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Education news and notes from Tampa Bay and Florida

Florida Department of Education takes issue with Miami-Dade superintendent's statement

15

October

After watching Miami-Dade superintendent Alberto Carvalho's 10-minute commentary on school accountability (see post below), Florida Department of Education spokeswoman Meghan Collins told the Gradebook she felt compelled to respond.

Collins said that Carvalho misstated some key elements that deserved clarification. 

First, she took issue with the superintendent's characterization of Florida Standards Assessment questions as not aligned to state standards. That's a common refrain among many critics of the tests.

"It's worth noting that for all but three, there was a connection to a standard," Collins said. "A majority of items did have an exact match."

The state's recent Alpine Testing Solutions validity study has been the source for both positions. Carvalho looked to item match charts in the document that showed "no standard match" for as high as 33 percent of questions, depending on the level. Collins said the report indicated that the reviewers did not make identical matches to the intended standards, but they did see connection to related standards.

The report states for third-grade language arts that "Panelists selected a different standard than the intended standard for 33% of the items." Similar language was used for other grade levels.

Whether that's good enough remains the most critical point of contention.

Next, Collins rejected Carvalho's criticism of the state decision to use test questions written for and field tested on Utah students. This did occur, Collins said, but she added that Florida experts reviewed the questions and removed ones that were not appropriate. 

The Alpine report states "all items were reviewed by educators knowledgeable of Florida students and the Florida Standards to evaluate whether the items were appropriate for use within the FSA program."

It also finds: "While alignment to Florida standards was confirmed for the majority of items reviewed via the item review study, many were not confirmed, usually because these items focused on slightly different content
within the same anchor standards. It would be more appropriate to phase-out the items originally developed for use in Utah and replace them with items written to specifically target the Florida standards."

Collins said the department did remove some questions, and is continuing that work.

She next turned to Carvalho's statement that the department did not ask for lists of students and schools that were impacted by computerized testing problems. She said that was not true, adding that commissioner Pam Stewart repeated the request at the meeting where superintendents announced their lack of confidence in the accountability system.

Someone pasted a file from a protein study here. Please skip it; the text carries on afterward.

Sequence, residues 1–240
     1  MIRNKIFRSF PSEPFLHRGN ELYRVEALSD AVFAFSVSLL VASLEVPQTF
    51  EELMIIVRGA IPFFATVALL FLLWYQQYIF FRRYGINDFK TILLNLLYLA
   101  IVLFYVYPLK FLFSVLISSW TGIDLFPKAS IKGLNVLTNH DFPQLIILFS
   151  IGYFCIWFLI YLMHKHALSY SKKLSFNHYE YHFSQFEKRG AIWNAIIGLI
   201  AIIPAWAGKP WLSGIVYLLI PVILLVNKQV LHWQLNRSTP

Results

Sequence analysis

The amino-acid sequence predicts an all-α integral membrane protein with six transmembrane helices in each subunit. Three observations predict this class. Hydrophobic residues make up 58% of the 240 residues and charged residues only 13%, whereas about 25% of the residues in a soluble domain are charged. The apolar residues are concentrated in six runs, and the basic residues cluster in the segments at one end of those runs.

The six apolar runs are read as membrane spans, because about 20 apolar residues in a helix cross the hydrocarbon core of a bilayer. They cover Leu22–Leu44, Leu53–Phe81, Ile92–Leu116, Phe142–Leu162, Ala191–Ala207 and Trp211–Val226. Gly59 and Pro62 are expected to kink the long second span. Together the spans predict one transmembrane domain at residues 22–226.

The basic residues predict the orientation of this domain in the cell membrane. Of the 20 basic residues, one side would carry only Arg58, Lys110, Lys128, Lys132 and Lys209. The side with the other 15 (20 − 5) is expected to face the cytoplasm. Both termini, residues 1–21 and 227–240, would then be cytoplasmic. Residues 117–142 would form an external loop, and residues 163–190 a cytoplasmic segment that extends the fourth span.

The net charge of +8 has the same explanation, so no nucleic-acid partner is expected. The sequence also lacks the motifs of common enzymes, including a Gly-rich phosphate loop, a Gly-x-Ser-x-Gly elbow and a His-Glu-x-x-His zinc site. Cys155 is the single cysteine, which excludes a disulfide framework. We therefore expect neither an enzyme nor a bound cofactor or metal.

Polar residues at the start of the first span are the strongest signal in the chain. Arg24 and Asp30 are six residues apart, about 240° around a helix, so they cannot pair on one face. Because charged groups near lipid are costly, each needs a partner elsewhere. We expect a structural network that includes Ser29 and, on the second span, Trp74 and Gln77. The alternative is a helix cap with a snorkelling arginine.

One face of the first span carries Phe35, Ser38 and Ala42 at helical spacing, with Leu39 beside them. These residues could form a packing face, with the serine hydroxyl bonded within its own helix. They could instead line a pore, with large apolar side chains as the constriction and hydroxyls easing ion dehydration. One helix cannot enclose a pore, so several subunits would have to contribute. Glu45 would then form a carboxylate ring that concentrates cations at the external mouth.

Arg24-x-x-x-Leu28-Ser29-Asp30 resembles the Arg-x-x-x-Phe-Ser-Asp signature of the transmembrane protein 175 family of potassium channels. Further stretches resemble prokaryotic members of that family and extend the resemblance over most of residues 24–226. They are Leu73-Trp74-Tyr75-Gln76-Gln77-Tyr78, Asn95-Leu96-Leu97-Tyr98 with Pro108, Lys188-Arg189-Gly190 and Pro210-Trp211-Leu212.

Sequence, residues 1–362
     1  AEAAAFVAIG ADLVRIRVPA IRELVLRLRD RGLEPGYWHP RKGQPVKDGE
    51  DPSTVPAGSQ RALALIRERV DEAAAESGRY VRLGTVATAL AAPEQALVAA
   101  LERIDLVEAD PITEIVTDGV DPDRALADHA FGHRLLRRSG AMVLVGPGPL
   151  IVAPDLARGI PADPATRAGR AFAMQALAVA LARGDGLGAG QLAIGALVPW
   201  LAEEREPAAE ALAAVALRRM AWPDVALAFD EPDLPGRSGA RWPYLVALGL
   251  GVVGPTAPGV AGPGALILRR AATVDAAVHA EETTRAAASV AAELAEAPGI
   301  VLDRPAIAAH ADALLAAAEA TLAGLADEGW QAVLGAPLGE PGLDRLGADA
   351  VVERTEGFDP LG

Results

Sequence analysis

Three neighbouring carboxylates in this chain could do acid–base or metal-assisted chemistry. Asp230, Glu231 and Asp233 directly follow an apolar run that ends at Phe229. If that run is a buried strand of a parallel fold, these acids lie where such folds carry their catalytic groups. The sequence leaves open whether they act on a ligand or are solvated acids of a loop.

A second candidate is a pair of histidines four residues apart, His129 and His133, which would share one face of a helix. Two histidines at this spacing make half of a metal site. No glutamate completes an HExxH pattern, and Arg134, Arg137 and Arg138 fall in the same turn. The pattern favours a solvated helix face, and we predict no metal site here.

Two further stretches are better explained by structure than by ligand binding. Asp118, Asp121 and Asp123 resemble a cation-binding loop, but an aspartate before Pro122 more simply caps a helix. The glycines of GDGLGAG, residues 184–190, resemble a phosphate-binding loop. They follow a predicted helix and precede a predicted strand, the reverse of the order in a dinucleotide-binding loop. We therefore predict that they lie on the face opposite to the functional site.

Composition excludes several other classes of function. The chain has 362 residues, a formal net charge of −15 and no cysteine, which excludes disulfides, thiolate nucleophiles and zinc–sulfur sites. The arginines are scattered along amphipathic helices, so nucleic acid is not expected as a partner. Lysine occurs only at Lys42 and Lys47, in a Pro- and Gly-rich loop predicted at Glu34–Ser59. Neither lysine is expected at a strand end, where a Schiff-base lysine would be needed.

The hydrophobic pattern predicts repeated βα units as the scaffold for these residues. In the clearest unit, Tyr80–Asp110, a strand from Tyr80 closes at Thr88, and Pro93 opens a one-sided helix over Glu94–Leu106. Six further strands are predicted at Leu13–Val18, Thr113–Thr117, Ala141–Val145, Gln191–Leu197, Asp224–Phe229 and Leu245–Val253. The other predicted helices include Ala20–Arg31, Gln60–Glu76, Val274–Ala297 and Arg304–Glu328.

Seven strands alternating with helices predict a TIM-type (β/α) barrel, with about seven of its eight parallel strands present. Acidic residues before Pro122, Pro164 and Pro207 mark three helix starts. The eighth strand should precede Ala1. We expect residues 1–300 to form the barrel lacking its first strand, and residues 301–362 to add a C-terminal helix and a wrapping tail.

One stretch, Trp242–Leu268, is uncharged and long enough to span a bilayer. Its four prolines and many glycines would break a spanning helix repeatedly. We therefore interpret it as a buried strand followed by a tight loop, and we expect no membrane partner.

Independent testing experts including Alpine's have said knowing that impact could make a difference in how the state sets its school grades. Carvalho suggested those grades are likely to drop dramatically -- last year's A could become this year's C, he said -- as the state sets grades based on performance without learning gains.

He criticized the plans to move ahead with school grades.

Collins responded by noting that the school grading formula and rule have yet to be completed. "So we don't actually know if they have fallen," she said.

Several districts have made projections based on recommended cut scores. But those scores also have not been approved. Collins noted that the state has said all along that it would have the work completed by winter, so they are on track and not late, another complaint Carvalho raised.

He said the grades -- which he and others have argued should be called off -- will come so late that students will be testing again when they learned how they did last year. There's really no contradicting that.

Collins did reiterate the department's stance that it will, and must, issue grades. She pointed to Florida Statute 1008.34, which states that "schools shall be graded." Superintendents and others have turned to that same law to note it also requires the use of learning gains in setting grades.

Since those gains can't be calculated with a new test, they argue, the grades should be cancelled or, if needed, all be deemed "incomplete," seeing how the data is not all available.

Collins said the law contemplated incomplete data. It states: "If a school does not have at least 10 students with complete data for one or more of the components listed in subparagraphs (b)1. and 2., those components may not be used in calculating the school's grade."

Watch for this debate to continue as the Florida Board of Education meets later this month, and lawmakers meet for additional committee sessions.

[Last modified: Thursday, October 15, 2015 1:43pm]

    

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